I guess what precipitated the above diversion from Mary Ann’s challenges  to my love for words is the fact that I need the time out with others more than Mary Ann does.  It is part of my therapy.  I am usually pretty ambivalent when outings are approaching, wanting to stay home to avoid the hassles associated with going out.  But when I get to the gathering, I thoroughly enjoy the interactions and conversations.

Back to Mary Ann’s struggles with eating.  When I asked Mary Ann about lunch today, she said she wanted BoBo’s for lunch. The Food Network’s Diners, Drive-ins and Dives did a special on BoBo’s.  We didn’t really have time to go into the diner to eat (it is the size of a postage stamp), so we got take-out from a drive-in stall.  I have to admit that it was a bit of a relief that we did not have time to go in.  One reason is that I wanted to eat the food we already have in the fridge (my frugal streak).  The second reason is that I have a hard time watching Mary Ann eat when the soft fish sandwich with tartar sauce is squishing through her fingers, dropping on the table, her clothes and the floor.  There, I said it!  I am ashamed to admit it.  Here she is struggling to deal with all she has been through, just trying to enjoy food that brings her pleasure, and I am so petty as to let a little messiness disturb me.

If we had had time, we would have gone into the diner to eat.  At least I usually don’t let my aversion to the messiness keep me from taking her out to whatever restaurant she chooses.  I am trying here to salvage a little positive self-image after admitting to such pettiness!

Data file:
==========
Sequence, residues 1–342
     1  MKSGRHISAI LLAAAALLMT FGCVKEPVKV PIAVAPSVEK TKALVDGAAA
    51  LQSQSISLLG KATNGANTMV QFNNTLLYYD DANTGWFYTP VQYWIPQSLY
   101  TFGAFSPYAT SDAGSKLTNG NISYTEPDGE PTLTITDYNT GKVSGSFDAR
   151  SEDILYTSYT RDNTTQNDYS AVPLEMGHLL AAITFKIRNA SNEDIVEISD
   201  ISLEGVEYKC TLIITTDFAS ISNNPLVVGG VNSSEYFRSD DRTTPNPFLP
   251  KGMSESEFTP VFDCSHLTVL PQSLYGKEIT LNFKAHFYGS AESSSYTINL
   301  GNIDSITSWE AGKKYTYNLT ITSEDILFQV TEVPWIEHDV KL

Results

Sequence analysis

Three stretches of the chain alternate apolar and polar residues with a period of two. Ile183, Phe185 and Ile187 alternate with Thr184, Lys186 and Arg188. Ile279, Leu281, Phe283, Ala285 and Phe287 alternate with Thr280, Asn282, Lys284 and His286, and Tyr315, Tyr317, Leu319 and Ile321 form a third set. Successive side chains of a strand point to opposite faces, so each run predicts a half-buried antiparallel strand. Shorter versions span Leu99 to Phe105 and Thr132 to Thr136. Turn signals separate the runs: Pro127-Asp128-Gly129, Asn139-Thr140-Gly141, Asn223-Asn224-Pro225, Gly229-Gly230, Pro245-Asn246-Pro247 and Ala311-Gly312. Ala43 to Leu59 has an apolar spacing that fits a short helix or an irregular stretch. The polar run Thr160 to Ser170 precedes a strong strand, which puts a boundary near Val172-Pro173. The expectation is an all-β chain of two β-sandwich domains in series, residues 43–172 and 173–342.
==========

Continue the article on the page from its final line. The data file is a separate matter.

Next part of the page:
Mary Ann slept well last night — good for both of us.  She went to bed a little late tonight.  Let’s hope for a night filled with sleep!

If you want to write a comment about this or any of the posts on this blog, look to the column on the right side of this page, titled “Recent Posts,”  click on the name of a post and you will find a box at the end of that article in which you can write a comment.  Clicking on the title of the post you are reading will accomplish the same thing.  Comments are appreciated.

It was a perfect time to be on the deck.  The temperature was in the high 70’s and there was a breeze blowing.  There were some hazy clouds occasionally filtering the bright sunshine.  The deck was partly in the shade and partly in the sun.  The sound of the splashing waterfall echoed providing accompaniment to the raucus squawking of Grackles and Blue Jays.  I read and thought and pondered and read and pondered some more.  It was a wonderful couple of hours.

I got Mary Ann’ s breakfast and pills done; then showered, shaved (yes, even though I wear a beard), and dressed.  The plan was to head to the grocery and then out to eat.  She stood up from the transfer chair for a moment and flopped down into it.  Whatever the switch is that turns off her ability to function, it switched her off.  The plan dissipated and a long nap ensued. 

Adapting quickly to a change in plans has never been easy for me.  If I got into my mind what we were going to do, frustration was my usual response to being derailed, a disabling frustration, leaving me grumpy and annoyed.   Today, video monitor in hand, I just headed out to the deck and had a great time.  In some ways I am learning to cope with the vagaries of the Parkinson’s Disease and Parkinson’s Disease Dementia.

When Mary Ann awakened from her nap, I got her dressed and ready to head out for lunch.  When we started the often endless task of picking a place to eat, she popped up with one we had not been to in years, Red Robin.  It seems to cater to the younger crowd, with a sort of boisterous atmosphere and very expensive burgers.